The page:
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Leonard Nimoy Discusses The Motion Picture, the Death of Spock, Appearing on TNG and Directing

Leonard Nimoy

Star Trek’s original Spock, Leonard Nimoy recently sat down with to look back at his history with the franchise and his future. Below is an excerpt from the second part of the questions Nimoy answered.

Had The Motion Picture tanked, how much, if any, of what subsequently transpired do you think might have happened anyway?

Nimoy: No, I think not. I think you’re right. The feeling was, after that first movie, there was something to be done with Star Trek, that the first movie hadn’t done what was available to be done, that there was still an audience, still an interest, but that it didn’t satisfy the audience in terms of content. And it cost too much. So, when they approached Harve Bennett with the idea of doing a second Star Trek film and asked him if he could do a Star Trek film for less, he said something like, “I can do two movies for the price you paid for that first one.” That was intriguing, and I think he actually did Star Trek II for even less than that. I think he did it for maybe a third of what the first film cost. I wasn’t privy to those conversations, but my understanding, my sense was that they felt that it was worth making a second film at a much, much lower cost to see if there was anything left in Star Trek. And frankly, when I heard about it, when they came to me with the idea of doing that second film, I thought they were just trying to squeeze one more movie out of the franchise. I thought that it would be the end of Star Trek and that’s why I accepted the idea of Spock dying at the end of Star Trek II.

Star Trek: The Motion Picture actually rose from the ashes of Star Trek: Phase II, the series that Paramount aborted when it became clear from Star Wars and Close Encounters of the Third Kind that sci-fi movies could be huge moneymakers. Phase II has been in the news again recently with stories about how involved you might or might not have been…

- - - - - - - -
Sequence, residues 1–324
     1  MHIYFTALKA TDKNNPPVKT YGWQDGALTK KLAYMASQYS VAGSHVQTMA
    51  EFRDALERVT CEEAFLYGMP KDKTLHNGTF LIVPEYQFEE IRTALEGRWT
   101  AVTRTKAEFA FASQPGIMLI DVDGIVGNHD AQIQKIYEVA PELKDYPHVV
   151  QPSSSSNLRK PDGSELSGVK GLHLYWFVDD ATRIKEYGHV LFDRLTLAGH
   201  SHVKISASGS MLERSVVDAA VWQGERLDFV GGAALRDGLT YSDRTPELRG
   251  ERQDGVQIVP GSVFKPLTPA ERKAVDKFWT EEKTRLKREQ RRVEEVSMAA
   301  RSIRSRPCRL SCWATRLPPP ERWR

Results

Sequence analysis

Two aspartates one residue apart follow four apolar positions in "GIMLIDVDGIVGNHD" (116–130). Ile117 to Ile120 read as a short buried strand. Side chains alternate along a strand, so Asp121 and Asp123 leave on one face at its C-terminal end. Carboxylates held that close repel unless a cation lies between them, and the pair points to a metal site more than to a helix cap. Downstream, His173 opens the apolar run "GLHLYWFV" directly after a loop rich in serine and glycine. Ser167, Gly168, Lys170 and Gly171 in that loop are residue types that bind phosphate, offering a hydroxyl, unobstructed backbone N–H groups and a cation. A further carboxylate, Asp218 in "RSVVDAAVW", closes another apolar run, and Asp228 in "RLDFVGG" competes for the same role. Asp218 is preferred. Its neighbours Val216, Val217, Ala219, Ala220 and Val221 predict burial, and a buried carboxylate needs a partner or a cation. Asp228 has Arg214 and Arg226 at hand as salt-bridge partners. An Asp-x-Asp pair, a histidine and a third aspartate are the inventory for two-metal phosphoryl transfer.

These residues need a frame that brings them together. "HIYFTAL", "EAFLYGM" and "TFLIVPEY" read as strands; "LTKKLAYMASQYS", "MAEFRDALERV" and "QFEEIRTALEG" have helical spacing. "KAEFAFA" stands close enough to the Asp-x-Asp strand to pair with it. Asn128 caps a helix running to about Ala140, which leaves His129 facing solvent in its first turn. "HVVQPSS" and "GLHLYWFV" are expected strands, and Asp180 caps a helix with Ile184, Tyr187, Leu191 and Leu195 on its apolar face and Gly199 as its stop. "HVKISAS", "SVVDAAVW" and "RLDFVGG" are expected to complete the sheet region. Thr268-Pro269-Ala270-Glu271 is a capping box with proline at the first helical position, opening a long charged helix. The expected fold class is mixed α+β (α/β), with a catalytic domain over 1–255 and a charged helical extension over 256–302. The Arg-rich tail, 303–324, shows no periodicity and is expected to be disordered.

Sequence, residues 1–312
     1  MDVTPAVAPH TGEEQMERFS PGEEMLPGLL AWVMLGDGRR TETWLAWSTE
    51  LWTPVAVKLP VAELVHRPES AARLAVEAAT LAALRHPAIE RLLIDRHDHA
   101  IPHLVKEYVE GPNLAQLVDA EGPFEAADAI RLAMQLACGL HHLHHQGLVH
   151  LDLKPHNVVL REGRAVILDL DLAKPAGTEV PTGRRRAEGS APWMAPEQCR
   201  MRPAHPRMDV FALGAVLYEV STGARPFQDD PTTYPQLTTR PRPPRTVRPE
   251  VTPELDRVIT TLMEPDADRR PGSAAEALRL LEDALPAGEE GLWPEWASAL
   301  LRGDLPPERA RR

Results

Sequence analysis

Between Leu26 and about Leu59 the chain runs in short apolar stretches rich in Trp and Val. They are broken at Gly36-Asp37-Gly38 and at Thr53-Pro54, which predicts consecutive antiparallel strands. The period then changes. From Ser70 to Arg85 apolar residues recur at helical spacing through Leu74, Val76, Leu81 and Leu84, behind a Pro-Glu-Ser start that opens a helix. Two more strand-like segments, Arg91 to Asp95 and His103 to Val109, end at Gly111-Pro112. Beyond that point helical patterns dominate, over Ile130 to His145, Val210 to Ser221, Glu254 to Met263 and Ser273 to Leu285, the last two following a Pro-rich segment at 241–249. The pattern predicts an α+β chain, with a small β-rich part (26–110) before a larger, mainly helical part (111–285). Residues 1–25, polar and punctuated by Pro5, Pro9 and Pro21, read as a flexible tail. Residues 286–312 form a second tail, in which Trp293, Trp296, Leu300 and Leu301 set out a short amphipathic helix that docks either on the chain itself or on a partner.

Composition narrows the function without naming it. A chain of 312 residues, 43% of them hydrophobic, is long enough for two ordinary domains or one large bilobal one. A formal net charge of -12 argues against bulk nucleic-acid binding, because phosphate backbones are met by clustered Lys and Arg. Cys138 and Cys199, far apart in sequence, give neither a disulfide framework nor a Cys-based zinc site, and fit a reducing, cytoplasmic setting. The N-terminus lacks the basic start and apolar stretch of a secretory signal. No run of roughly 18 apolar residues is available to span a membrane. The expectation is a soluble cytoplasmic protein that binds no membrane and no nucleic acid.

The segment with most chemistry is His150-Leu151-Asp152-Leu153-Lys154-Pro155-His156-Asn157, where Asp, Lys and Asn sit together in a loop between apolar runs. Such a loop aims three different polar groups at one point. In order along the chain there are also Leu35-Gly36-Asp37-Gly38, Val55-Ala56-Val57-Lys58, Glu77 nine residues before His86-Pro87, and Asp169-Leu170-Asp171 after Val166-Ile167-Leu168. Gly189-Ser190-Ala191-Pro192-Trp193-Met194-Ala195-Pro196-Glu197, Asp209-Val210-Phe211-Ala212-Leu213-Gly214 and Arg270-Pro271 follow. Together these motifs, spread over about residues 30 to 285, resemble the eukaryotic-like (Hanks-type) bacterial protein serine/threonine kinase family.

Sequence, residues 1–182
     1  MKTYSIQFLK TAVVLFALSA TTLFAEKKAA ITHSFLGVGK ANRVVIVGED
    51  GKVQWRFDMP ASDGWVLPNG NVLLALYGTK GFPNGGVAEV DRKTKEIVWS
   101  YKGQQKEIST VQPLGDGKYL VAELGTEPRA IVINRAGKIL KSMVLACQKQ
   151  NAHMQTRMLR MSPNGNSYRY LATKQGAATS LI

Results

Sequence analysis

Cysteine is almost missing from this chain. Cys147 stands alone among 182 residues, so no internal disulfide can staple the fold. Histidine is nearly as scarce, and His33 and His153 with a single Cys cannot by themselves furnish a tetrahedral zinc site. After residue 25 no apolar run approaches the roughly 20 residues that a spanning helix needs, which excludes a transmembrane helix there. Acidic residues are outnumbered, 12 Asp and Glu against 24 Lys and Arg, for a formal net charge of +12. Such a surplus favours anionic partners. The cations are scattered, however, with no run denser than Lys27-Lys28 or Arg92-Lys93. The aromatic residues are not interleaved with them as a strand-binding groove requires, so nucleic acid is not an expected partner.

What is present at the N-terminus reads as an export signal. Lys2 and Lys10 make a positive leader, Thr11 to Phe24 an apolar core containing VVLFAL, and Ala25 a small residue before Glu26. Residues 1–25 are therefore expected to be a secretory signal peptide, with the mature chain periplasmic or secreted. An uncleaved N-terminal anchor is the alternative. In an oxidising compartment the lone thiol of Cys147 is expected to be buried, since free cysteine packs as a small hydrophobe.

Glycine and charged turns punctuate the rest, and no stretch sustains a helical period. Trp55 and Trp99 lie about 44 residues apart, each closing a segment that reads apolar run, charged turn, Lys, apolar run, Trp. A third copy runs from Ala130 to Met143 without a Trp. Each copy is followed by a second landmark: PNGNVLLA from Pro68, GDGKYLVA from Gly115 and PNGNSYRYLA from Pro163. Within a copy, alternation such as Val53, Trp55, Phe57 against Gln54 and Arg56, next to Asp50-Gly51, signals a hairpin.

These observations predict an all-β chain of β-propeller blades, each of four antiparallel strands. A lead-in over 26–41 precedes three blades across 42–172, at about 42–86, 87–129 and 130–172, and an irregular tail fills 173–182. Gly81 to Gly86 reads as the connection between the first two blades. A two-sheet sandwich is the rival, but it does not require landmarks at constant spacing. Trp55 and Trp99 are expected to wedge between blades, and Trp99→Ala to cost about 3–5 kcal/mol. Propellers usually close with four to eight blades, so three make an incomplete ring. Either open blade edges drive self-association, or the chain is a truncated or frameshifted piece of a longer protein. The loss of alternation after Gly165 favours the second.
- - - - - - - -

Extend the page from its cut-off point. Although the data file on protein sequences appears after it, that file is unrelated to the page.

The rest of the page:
Nimoy: It’s being reported that Mr. Roddenberry offered me a contract to appear as Spock in two out of every 11 episodes of Star Trek in the ’70’s when there was a new series contemplated. This is true and (it’s) also true that I turned down the offer. I didn’t feel comfortable being hired on as a part-time player.

That’s interesting. Was that Roddenberry’s choice or was that Paramount trying either to keep costs down or hoping they’d entice you with a less exhausting schedule?

Nimoy: Since Mr. Roddenberry is gone, we’ll never know. He was also hired to develop a series for me at Universal in 1971. It was called Questor (The Questor Tapes). When it was time to cast it, he chose Robert Foxworth instead.

Moving on to Star Trek II, what do you remember most about the reaction – fan, critical, cast, yours – to Spock dying?

Nimoy: It was very touching, very touching. I vividly remember the day we filmed the death scene. It was a very somber, emotional experience. I was very sad, concerned. When we came up with the idea of doing a mind meld on Dr. McCoy, on DeForest Kelley, I was asked if I could say something in that mind meld that would give us a hook for the future, in case there was a possibility of continuing. And I came up with the word “Remember,” which I thought was broad enough and interesting enough that we might be able to use it as our hook in the future. And it worked. But at that particular moment in time there was a real sadness. There’s an understanding that, “Look, who knows, something positive might come out of all this,” but we really playing a very serious death scene and everybody was quite moved by that.

Star Trek III was your first feature as a director. How at home were you behind the camera? Did you feel like you had training wheels on? And how satisfied were you with the finished film?